NEW YORK (CBS) ― For families struggling with autism finding the latest treatments is a top priority. Now a controversial approach is making headlines.
Unfortunately, there is still no cure for autism, but therapies involving communication techniques, education and medications are the mainstays of treatment.
Now, an alternative approach involving a hyperbaric oxygen chamber is getting attention and giving some patients hope.
A year ago, Tommy Ellison, now 3 years old, couldn't interact at all. That ability was lost to autism.
"It tore our lives apart. It tore it upside down," father Tom Ellison said.
The family turned to New Jersey Dr. James Neubrander and his alternative treatments. They include a variety of supplements and vitamins, a gluten free diet and pressurized oxygen therapy in a hyperbaric chamber.
It's become part of Tommy's therapy. With his mom, and plenty of toys, he climbs into the chamber and is zipped in for the blast of oxygen.
According to his father, the results were immediate and stunning.
"He became a totally different boy," Tom Ellison said.
"Each time we did the treatment something new happened," mother Polly Ellison added.
It cost the Ellisons $21,000 to buy their own hyperbaric chamber. Tommy initially spent an hour and a half twice a day inside the machine. Now he uses it periodically.
His parents say he's cured.
"It's the closest thing to a miracle that I've ever seen in my life," Tom Ellison said.
Neubrander says the oxygen increases blood flow, and decreases inflammation, changing brain chemistry that causes autism. "I have hundreds of kids that have had a benefit from this," Neubrander said.
But not everyone thinks the treatment is legitimate.
"Unfortunately, there's no scientifically valid evidence that this approach works," said Dr. Joseph Buxbaum of Seaver & N.Y. Autism Center of Excellence at the Mount Sinai School of Medicine.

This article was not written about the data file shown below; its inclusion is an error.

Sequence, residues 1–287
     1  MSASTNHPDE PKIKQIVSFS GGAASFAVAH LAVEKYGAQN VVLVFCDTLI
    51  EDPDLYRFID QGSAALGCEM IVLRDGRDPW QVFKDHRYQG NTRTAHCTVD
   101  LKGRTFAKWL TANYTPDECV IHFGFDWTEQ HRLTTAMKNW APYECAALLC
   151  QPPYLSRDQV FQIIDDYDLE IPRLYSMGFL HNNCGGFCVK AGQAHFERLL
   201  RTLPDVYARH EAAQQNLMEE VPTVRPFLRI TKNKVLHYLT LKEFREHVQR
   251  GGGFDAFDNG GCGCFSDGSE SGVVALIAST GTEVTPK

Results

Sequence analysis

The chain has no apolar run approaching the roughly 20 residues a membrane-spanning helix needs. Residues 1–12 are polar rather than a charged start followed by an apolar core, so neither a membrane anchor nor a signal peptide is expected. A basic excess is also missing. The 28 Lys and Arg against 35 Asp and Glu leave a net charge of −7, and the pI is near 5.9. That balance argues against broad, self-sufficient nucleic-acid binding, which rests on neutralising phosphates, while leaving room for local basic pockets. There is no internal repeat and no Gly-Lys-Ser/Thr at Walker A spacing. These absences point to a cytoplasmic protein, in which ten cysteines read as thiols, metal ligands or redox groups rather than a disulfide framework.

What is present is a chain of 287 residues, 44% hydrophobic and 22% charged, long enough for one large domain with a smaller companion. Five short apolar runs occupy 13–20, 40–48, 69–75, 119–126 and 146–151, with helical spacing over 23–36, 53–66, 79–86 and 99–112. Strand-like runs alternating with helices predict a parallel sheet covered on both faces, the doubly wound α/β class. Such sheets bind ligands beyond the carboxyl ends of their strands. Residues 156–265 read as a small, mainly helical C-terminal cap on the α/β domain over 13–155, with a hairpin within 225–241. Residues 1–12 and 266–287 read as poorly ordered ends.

Added Dr. Paul Offit of the Children's Hospital of Philadelphia: "Historically in medicine when you have disorders or diseases that don't have clear causes or clear cures quackery and Charlatanism abounds and I think that's what's happening here."
But Dr. Neubrander hopes to publish research within a year.
"No, the studies are not there, but it doesn't invalidate what we see. The studies are coming," Neubrander said.
Buxbaum said all the studies in the world in this case cannot validate one simple fact.
"There are probably hundreds of different causes of autism and the idea that one treatment is gonna work for anybody or everybody is unlikely," Dr. Buxbaum said.
However, Tom Ellison said all he knows is before he went to Dr. Neubrander he had a disabled son. Now, he claims, he doesn't.
"For the people who are skeptic and who say it doesn't work, I have a son now," Tom Ellison said. "I have a son who kisses me."
Hyperbaric therapy for autism is considered an "off-label" use of the chamber. It has not been approved specifically by the Food and Drug Administration to treat the disorder. The therapy is used commonly for burn victims and in cases of carbon monoxide poisoning.